In this case, they mentioned another homegrown version of the root name server system, called the Yeti DNS Project. The project is closely related to a Beijing-based private company named Beijing Internet Institute (BII) Group. A source identifying themself as a representative of BII and a participant in Yeti told TechNode the project was jointly launched by BII Group and a few other international organizations.
The source said that BII does “a large amount of the work” on Yeti. According to an article (in Chinese) published by an institute under BII Group, BII chairman Liu Dong, is also the “executive chairman” of Yeti project.
“Led by China with participation from Japan’s Widely Integrated Distributed Environment (WIDE), the Yeti DNS Project established 25 root name servers in 16 countries in 2016,” the Global Times story said last week, without giving a source.
The story does not appear to be true as published.
Yeti says that their servers are not intended to function as live root servers. According to its website, its servers are testbeds for next-generation communications protocol IPv6, which is still in an early stage of deployment. According to Yeti’s website, it is actually associated with 24 root servers maintained by 15 operators, located in 16 countries as of Dec. 20.
Lars-Johan Liman, senior systems specialist and co-founder of Swedish root server operator Netnod, told TechNode in an email that the Yeti project is “a testbed for DNS experiments,” rather than a public service for the global internet. The global DNS root service is currently carried out by the 12 traditional root server operators and “the service capacity of the system widely exceeds that of the Yeti testbed,” he wrote.
Founded in 1985 by three Japanese universities, WIDE is one of the 12 root name server operators. The organization didn’t reply to TechNode’s request for clarification.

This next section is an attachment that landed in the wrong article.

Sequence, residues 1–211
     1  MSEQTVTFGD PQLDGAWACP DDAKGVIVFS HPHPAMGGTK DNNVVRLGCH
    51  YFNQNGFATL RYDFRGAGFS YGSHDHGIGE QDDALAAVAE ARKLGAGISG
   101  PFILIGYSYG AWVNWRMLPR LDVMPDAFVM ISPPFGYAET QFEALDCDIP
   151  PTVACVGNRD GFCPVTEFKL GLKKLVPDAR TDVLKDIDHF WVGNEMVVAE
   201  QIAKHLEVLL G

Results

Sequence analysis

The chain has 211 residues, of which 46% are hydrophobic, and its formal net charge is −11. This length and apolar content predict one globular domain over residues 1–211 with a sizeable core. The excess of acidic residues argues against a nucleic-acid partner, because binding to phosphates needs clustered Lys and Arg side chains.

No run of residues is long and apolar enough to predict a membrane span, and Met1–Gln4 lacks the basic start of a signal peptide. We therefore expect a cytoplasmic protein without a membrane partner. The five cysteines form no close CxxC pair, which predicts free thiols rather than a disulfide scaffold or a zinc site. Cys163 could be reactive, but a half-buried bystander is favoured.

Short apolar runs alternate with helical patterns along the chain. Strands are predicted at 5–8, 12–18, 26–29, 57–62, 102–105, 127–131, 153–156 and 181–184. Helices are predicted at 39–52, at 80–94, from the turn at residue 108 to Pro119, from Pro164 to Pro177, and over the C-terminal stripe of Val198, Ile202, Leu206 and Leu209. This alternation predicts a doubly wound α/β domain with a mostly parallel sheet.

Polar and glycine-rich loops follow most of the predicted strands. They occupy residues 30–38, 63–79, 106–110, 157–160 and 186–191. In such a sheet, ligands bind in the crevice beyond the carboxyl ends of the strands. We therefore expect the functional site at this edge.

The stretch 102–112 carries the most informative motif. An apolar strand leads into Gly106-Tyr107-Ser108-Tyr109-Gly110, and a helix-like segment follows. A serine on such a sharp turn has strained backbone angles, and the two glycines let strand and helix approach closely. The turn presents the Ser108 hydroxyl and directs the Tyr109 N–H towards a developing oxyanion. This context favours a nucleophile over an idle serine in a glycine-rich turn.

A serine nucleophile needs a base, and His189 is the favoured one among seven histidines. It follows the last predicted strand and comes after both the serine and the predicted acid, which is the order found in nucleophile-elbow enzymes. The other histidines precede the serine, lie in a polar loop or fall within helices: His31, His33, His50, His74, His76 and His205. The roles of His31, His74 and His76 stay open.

However, some experts believe Yeti could one day be used as a substitute root system, setting off “the mother of all fragmentations.” A World Economic Forum report authored by William Drake, Vint Cerf, and Wolfgang Kleinwachter wrote that “While its proponents assert that it is not intended to provide an alternate root, it does, in effect, do exactly that.”
The BII representative declined to comment on these issues due to the project’s “sensitivity.”
Yeti is not the only organization attempting to build alternative DNS roots. Projects such as Namecoin, New Nations, and OpenNIC are already offering their own domain resolution services outside the current root name server system.
Editor’s note: The circumstances surrounding Yeti and its project is currently unclear. As you can see, there are competing claims about what Yeti is and what they are trying to accomplish. We will be looking more into this company. Expect more information about them soon.
However, Huang, the network engineer, disagrees with the theory that the US could cut China’s international internet access, even as nine out of the 12 root server operators are in the States.
“Instances in a specific region form a wide area network and connections between countries in the network are not subject to US interference,” he said.
If one of the root servers stops operating, there are hundreds of other mirror servers to carry the load, wrote Liman in an article published on Netnod’s website.
“There remains no defined process for how to replace an existing operator with a new one, and it’s a question that the community does need to consider. But it is worth noting that, from a technical perspective, the disappearance of an entire operator is not a particularly big deal,” he wrote.
The scope for bad behavior by a rogue root server operator is “greatly limited” because an encrypted version of DNS protects the system, he wrote.
The farce reveals anxiety among Chinese people and the government, especially at a time when the rising power pushes to build up its self-reliance in technology and pledges to dominate the sector, but it also faces pushback from the US. Nevertheless, the reality is, the copy-to-China approach, and the media train that comes with it, are not helping the country meet the ambitions, or relieve the pain.